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‘Not to Be Led Astray’
Mike and James On Marcus Aurelius
I have read Marcus Aurelius' Meditations and have been struggling with this quote :
''...not to be led astray into enthusiasm for rhetoric, for writing on speculative themes, for discoursing on moralizing texts.... To avoid oratory, poetry, and 'fine writing.''
What could be the reason for the Emperor's distrust of literature - specifically poetry and what he calls 'fine writing'? His disdain for rhetoric is understandable; it distracts from action and leads one down verbose (and often convoluted) thought experiments that seldom produce anything of actual value. But what of poetry, novels and other works of fiction? I myself find great value in them as they feed my imagination and offer different perspectives on various subject.
What is your take on this quote, and should one really be weary of literary works of fiction?
Best regards,
- Mike

Mike, I am not an expert on Aurelius, only read his meditations twice and for one of these reads was poorly focused. He was, furthermore, not perfect, but rather seems to have sought this through his stoicism. He was the last of the Five Good Emperors, choosing his son instead of the most worthy successor, breaking with the examples of Nerva, Trajan, Hadrian and Antonius Pious.
Perhaps that was wisdom.
Perhaps he looked around and found no successor able to cope with the increasingly insurmountable problem of the barbarians without and the degenerates within.
Nerva the administrator had chosen Trajan the soldier, who chose Hadrian the builder, who chose Antonius the pious who chose Marcus the philosopher—our only Philosopher King in the antiquitous West so far as I know. Perhaps he knew the gig was up and might as well either give his son Commodus the best chance or sacrifice him on the altar of Time…
Marcus was very much a man of a time similar to ours.
His distaste for writing on speculative themes sounds like an attempt to keep the sharpest minds from retreating into fantasy. His age needed men of action and such men tend to disdain speculative musings. I might find such things fascinating, but I am not a man of political, social or military action.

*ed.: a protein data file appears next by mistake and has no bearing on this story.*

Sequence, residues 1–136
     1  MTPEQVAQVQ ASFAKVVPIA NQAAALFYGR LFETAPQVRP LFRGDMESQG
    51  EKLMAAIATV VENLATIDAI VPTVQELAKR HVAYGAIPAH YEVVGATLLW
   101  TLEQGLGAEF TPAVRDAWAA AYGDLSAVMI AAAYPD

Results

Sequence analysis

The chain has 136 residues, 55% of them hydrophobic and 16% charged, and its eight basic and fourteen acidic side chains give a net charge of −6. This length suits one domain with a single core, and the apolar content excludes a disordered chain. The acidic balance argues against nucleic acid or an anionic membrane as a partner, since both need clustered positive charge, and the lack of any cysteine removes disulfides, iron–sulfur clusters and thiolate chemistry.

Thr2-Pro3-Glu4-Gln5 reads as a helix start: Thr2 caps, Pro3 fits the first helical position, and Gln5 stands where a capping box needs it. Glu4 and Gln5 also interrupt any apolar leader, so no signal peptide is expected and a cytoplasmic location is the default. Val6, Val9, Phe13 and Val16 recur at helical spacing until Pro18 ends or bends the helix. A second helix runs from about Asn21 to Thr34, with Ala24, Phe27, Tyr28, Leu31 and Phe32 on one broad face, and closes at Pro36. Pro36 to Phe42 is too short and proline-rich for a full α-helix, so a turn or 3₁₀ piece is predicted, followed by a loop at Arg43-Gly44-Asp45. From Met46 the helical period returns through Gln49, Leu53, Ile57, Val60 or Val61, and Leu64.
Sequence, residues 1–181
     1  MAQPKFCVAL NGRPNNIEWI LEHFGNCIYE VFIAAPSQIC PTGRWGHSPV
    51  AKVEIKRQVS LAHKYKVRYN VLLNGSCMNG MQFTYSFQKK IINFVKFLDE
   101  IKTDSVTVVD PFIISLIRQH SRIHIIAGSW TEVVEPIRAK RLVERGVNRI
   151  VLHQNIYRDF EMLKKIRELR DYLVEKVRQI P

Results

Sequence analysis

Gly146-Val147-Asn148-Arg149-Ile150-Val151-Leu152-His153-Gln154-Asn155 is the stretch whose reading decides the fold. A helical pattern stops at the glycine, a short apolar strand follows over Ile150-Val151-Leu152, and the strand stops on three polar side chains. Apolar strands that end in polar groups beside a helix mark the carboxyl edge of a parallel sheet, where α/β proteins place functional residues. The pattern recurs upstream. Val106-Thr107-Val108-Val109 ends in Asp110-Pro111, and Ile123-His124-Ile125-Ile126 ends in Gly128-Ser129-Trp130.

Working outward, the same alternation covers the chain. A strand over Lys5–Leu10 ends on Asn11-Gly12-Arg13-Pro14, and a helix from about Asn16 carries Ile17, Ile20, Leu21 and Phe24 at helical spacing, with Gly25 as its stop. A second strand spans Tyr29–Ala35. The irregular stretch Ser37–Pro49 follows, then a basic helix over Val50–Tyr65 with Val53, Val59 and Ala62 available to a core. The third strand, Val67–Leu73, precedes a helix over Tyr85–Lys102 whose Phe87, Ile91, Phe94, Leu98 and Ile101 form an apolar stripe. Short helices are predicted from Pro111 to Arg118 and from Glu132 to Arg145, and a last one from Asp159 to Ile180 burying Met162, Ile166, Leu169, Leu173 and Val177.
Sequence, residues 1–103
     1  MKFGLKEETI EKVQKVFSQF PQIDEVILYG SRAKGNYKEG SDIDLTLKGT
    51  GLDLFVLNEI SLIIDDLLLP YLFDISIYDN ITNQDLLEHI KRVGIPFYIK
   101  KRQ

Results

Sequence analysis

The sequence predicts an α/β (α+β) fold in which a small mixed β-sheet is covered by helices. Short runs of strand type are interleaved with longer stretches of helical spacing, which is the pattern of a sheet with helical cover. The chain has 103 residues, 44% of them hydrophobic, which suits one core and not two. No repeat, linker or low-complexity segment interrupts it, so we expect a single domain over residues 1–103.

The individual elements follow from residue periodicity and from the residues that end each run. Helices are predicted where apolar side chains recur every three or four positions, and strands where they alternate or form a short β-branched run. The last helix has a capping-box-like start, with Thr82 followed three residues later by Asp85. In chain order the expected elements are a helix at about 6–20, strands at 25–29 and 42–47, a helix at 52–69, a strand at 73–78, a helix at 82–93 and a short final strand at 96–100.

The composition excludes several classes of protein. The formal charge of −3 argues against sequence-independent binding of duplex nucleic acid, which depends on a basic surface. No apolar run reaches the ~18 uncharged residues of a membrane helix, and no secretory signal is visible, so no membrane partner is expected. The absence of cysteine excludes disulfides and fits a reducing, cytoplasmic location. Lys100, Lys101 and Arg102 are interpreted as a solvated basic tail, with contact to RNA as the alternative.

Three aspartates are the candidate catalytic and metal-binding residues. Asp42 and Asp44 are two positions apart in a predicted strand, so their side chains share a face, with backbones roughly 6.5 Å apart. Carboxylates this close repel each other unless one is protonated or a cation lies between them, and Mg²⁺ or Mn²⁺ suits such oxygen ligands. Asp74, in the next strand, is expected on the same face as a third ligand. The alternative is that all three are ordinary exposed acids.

Discoursing on moralizing texts is something I have long found distasteful in that it brings us forever a step or two away from reality and into the fields of utopia, just like the speculative pursuits bring us to dystopia. Marcus’ suspicion of the value of these pursuits rings true in this world we live in where reality is forever under assault by the rapacious pack of lies wielded by our masters. Currently, the people I know who are most miserable and indecisive in their lives, are those deeply philosophical and read in the sissy literature of the philosophers. Might Marcus have known the like minds of many in his age of gathering troubles?
Oratory and fine writing tend to be static pursuits.
As far as poetry, much of poetics consists of the inward musings of alienated souls, which can be quite useful meditational tools for the rulers of a society not in crisis. We can’t forget Marcus was the king of the world’s greatest nation to date.
The epic poems were nearly a thousand years old and Marcus lived in a time when aside from some experimentation in prose, such as the Acts of John and Thecla, that poetics consisted mostly of satire, comedy and rewriting of ancient Greek texts. His age lacked originality. In much the same way as the many music lovers I know, into all manner of music, complain that nothing really original has been recorded in the past 20 years and that moviegoers note that most movies are sequels, reboots or rewrites of earlier movies, I would take Marcus’ advice on avoiding poetics as an admonition not to descend into naval-gazing introversion or swim with the sewer-like stream of popular culture.
Thanks for checking the refresh setting on my brain, Mike.
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Utter ContemptJune 27, 2020 1:02 PM UTC

I think one way to view this quote from Aurelius is to contrast what he's describing with the terseness of Hemingway, or Flaubert's "mot juste." The Emperor's not anti-literature, he's anti-bullshit.
responds:June 28, 2020 1:07 PM UTC